“What rest of faith is ours if we know that we are not only saved but SAFE! Alas, there are a good many who are so fearful because they feel that although they were saved at some time or another, they are not yet secure! They seem to think that although saved one day they may be lost the next. Thus, they must strive and struggle to keep their salvation. But because salvation is not something but SOMEONE and that One, Christ Himself, IT IS LUDICROUS FOR SHEEP TO TRY AND KEEP THE SHEPHERD. DID HE NOT SAY THAT THE KEEPING IS HIS RESPONSIBILITY? ‘Those whom Thou hast given Me, I have kept’ (John 17:12)” (“All the Doctrines of the Bible: A Study and Analysis of Major Biblical Doctrines” by Herbert Lockeyer. Grand Rapids: Zondervan, 1964, page 223).
In my last post, I brought up a debate that I have also studied, one that ties directly into the Eternal Security debate: and that is, the divine sovereignty/human responsibility debate. Divine sovereignty is, by definition, referring to the power of God and God’s rule over His world (including humanity). The concept of human responsibility is that humans are responsible to their Creator for what they do with what they have been given. After all, in the end, we will be judged for every deed we have done, whether good or bad (2 Cor. 5:10).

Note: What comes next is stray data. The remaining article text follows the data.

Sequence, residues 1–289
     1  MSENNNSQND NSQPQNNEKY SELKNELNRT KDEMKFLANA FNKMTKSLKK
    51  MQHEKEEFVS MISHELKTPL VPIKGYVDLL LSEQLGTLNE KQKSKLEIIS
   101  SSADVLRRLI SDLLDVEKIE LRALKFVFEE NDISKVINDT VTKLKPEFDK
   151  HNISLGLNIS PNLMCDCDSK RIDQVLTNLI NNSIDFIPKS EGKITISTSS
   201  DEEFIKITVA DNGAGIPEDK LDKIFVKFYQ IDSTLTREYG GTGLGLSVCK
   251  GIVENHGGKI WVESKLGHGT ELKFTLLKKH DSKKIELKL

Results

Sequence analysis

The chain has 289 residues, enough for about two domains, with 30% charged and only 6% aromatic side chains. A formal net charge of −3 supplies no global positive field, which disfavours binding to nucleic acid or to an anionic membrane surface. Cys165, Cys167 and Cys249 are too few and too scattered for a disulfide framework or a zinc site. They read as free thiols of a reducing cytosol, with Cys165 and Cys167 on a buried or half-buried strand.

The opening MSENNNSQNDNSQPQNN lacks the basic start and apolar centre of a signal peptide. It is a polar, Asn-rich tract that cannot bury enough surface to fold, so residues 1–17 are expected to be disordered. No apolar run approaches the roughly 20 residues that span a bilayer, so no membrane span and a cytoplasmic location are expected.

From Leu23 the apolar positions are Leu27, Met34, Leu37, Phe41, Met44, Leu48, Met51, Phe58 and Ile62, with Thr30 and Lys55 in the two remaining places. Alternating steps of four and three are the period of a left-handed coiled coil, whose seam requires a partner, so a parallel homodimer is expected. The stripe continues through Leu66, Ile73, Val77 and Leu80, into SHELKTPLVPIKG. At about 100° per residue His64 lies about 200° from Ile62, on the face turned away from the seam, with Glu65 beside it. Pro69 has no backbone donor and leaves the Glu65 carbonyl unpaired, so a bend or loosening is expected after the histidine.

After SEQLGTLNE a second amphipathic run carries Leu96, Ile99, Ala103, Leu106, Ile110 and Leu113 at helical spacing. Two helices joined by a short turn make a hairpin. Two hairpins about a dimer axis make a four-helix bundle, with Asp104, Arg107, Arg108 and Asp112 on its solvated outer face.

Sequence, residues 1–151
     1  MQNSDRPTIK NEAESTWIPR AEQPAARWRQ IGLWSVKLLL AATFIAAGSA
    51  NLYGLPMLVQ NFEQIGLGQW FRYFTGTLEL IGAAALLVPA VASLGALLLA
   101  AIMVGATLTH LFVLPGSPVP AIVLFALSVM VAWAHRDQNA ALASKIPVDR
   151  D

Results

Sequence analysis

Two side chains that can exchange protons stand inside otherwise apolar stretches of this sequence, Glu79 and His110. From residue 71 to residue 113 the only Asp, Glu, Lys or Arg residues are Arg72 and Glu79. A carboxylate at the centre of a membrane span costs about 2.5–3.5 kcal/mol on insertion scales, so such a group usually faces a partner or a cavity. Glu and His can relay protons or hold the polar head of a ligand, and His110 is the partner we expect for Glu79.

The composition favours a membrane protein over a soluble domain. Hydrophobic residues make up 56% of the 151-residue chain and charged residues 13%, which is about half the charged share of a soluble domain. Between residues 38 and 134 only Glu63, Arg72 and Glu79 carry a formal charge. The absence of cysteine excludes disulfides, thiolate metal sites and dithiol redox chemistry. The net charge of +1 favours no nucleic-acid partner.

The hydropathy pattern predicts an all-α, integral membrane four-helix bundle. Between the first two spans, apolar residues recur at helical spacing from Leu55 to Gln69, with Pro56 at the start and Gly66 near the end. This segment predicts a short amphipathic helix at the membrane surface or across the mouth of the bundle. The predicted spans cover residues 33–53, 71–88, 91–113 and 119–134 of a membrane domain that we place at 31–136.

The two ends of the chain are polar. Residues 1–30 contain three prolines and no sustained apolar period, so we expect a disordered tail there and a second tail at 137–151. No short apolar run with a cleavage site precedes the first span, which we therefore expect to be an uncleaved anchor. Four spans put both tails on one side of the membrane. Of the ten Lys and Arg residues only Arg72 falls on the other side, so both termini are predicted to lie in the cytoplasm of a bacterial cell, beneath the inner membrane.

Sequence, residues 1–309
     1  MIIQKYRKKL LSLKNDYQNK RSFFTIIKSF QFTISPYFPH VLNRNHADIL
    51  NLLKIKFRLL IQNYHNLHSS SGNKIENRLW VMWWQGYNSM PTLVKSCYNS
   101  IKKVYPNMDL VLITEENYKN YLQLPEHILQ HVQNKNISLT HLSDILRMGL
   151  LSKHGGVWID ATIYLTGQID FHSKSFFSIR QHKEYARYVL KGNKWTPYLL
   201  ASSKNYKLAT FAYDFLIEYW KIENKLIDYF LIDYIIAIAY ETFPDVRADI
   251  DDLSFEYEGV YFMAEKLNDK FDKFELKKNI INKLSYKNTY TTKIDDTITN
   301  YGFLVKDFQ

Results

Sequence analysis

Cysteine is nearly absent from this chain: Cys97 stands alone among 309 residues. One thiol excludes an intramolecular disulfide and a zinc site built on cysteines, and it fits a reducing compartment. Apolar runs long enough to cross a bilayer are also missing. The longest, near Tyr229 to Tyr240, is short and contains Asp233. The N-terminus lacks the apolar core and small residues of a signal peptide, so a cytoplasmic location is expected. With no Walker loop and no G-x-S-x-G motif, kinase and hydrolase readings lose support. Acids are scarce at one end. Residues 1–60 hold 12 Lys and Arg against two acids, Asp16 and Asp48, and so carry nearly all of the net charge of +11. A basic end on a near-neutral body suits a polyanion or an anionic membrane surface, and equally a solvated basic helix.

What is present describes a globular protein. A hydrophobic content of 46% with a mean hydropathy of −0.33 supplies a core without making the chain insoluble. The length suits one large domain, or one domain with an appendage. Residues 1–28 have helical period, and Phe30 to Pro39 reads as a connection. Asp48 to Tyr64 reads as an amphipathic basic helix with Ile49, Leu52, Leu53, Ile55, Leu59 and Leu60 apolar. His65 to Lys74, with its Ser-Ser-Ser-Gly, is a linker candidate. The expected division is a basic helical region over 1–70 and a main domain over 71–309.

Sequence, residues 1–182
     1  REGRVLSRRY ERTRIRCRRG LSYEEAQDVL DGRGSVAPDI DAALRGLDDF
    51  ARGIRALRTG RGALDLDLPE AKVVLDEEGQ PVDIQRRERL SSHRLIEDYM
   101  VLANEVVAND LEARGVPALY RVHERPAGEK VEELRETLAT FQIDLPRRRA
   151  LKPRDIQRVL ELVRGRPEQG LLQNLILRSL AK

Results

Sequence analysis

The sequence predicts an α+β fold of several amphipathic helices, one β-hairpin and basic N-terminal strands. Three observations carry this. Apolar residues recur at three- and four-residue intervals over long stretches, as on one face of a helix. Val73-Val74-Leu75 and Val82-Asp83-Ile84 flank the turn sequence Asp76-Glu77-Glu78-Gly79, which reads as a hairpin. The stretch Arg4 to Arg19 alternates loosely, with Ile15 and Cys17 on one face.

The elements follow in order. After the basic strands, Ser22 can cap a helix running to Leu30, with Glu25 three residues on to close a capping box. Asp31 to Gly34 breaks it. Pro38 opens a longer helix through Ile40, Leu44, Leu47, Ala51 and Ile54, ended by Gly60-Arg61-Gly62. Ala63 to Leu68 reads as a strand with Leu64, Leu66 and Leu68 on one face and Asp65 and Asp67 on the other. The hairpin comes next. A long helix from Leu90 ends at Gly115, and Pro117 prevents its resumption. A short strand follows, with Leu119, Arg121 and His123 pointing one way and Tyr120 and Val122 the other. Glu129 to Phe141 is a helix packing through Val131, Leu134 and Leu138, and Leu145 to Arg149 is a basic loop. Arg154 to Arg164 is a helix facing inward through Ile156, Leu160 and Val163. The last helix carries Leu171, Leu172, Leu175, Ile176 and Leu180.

How then, do these two concepts fit together? Let’s take the issue of salvation, for example. God gives grace and faith (Eph. 2:8-9) and these are “the gift of God.” So then, what do we do with the Scriptures that tell man he must believe on the Lord Jesus Christ? We can reconcile grace and faith as gifts (on one hand) and the responsibility of human repentance (on the other) by saying that God gives salvation (Eph. 2), but we must receive it by faith (Romans 10:9, John 3:16). In this manner, both divine sovereignty and human responsibility are preserved.
What about in the issue of temptation? Does God cause a person to sin? Does He predetermine that I sin (and then I freely choose it)? No. Read 1 Corinthians:
“No temptation has overtaken you except such as is common to man; BUT GOD IS FAITHFUL, who will not allow you to be tempted beyond what you are able, but with the temptation WILL ALSO MAKE THE WAY OF ESCAPE, THAT YOU MAY BE ABLE TO BEAR IT” (1 Corinthians 10:13, NKJV).